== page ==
Impact testing

Test pieces help to learn and get used to the production process, and each new one gets better and better. However, a test piece is only half worth when not break-tested or at least loaded within its boundaries. Having invested a couple of hours of work and getting in love of that neat piece, it takes some dicipline to go further and break it. But hey, don’t forget why you built it in the first place: you wanted to gain information on its strength and stiffness. So, today was the right time to break that nice aramid honeycomb test piece I produced last week!

I started with loading the piece within its boundaries:


I measured the deflection to roughly estimate Young’s modulus E and the flexural rigidity D, important factors in designing shells/plates. The load was increased until the deflection in the center was roughly 10 mm. It looks already quite intimidating, though the theoretical maximum stress at the skin was far from being reached:



The behaviour corresponds very well to what is expected from theory, namely a linear relationship between deflection and load:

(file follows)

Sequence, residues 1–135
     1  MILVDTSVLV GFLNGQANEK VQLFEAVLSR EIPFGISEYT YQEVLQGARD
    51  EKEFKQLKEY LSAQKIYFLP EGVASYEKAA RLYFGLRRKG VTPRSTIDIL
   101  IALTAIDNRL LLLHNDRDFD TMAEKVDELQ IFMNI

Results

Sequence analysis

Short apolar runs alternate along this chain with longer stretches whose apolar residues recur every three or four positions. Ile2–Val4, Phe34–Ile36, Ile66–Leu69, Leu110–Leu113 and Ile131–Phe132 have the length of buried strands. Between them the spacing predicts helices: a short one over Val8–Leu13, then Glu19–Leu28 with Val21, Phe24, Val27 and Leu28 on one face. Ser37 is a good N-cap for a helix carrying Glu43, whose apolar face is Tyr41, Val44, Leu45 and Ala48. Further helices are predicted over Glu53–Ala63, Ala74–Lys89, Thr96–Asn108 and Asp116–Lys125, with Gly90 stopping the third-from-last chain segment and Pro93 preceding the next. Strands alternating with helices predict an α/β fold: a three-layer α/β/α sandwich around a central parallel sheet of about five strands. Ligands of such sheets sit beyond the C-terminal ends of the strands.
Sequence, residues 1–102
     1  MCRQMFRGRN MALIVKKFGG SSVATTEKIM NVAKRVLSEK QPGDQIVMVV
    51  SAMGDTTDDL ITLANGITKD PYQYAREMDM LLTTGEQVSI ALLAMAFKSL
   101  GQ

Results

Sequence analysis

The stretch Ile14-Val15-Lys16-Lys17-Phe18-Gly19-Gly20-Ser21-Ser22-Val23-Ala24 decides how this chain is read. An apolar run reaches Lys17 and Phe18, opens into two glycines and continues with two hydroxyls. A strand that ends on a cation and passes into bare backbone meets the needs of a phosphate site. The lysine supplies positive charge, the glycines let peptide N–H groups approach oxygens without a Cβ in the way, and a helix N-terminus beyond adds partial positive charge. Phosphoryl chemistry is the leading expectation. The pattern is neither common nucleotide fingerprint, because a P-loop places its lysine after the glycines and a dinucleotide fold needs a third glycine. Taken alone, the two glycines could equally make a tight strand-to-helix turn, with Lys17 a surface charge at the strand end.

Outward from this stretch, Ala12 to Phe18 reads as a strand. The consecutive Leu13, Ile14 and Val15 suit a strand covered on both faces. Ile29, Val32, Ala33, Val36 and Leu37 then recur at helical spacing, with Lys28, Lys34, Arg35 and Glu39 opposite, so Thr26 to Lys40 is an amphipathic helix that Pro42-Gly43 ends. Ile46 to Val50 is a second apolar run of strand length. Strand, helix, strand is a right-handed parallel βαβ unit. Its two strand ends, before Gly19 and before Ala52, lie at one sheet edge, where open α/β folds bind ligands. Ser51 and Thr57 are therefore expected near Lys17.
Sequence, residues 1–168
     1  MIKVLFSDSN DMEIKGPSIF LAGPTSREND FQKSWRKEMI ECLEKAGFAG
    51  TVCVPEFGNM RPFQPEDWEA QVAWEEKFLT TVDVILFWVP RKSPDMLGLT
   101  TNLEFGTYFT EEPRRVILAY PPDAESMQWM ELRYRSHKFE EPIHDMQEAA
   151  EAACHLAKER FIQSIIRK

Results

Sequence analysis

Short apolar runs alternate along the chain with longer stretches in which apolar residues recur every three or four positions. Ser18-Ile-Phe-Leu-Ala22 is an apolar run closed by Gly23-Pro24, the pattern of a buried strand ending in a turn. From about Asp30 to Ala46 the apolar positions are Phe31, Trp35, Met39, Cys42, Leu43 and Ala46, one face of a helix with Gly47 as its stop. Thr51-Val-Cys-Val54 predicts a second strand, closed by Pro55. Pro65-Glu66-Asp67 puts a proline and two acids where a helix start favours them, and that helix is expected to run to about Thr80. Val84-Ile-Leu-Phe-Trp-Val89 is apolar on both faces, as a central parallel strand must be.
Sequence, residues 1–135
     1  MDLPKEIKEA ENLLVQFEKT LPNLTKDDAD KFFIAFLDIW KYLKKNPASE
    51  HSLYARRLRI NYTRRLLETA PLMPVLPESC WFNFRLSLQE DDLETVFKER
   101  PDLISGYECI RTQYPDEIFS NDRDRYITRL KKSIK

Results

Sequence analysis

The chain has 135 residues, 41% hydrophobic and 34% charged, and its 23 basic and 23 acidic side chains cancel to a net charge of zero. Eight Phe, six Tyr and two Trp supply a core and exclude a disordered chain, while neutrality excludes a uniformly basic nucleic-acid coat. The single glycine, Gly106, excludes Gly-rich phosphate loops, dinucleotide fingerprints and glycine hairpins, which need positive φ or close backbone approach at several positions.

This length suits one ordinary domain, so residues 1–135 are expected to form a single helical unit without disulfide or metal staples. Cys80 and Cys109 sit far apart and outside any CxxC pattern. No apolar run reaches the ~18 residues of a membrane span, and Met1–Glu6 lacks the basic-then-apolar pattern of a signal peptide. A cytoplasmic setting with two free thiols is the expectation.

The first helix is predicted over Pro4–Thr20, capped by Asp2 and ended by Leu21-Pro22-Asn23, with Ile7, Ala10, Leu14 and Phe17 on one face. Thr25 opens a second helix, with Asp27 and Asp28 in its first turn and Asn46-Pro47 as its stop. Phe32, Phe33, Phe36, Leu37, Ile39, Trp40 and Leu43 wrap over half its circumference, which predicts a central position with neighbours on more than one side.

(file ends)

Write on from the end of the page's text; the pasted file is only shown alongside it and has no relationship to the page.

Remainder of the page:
The steepness is related to the stiffness of the plate, where steeper means less stiffer. Because the skin layout is not symmetic, the stiffness depends on which side the load is applied. This behaviour was already mentioned by Herbert Funke in his dissertation (see PDF at R&G’s wiki).

Based on the usual beam theory and a second order of innertia of I = 805 mm⁴, I estimated the modulus of the skin to be E = 10.8 GPa . Herbert Funke’s assumed value for glass fibers was E = 15 GPa . This means that the usage of flax reduced somewhat the modulus. However, some of the discrepancy might be attributed to not considering all effects, such as shear deformation and Poisson’s contraction.

After measuring the stiffness, I continued with an impact test. I expect flax fibers to add some energy absorption and to keep the other fibers together in case of rupture. Well at least that’s how a manufacturer of flax fiber fabrics promotes their products. You can achieve similar properties by using aramid, but its handling is difficult. The fibers are extremely energy absorving and difficult to cut/sand. The charm of flax is that it is renewable and very easy in handling, even easier than glass or carbon fabrics. My idea is to use flax to increase skin thickness and add some damping, and in very critical sections to add aramid for some extra protection of the pilot.

Following video resumes the impact test:

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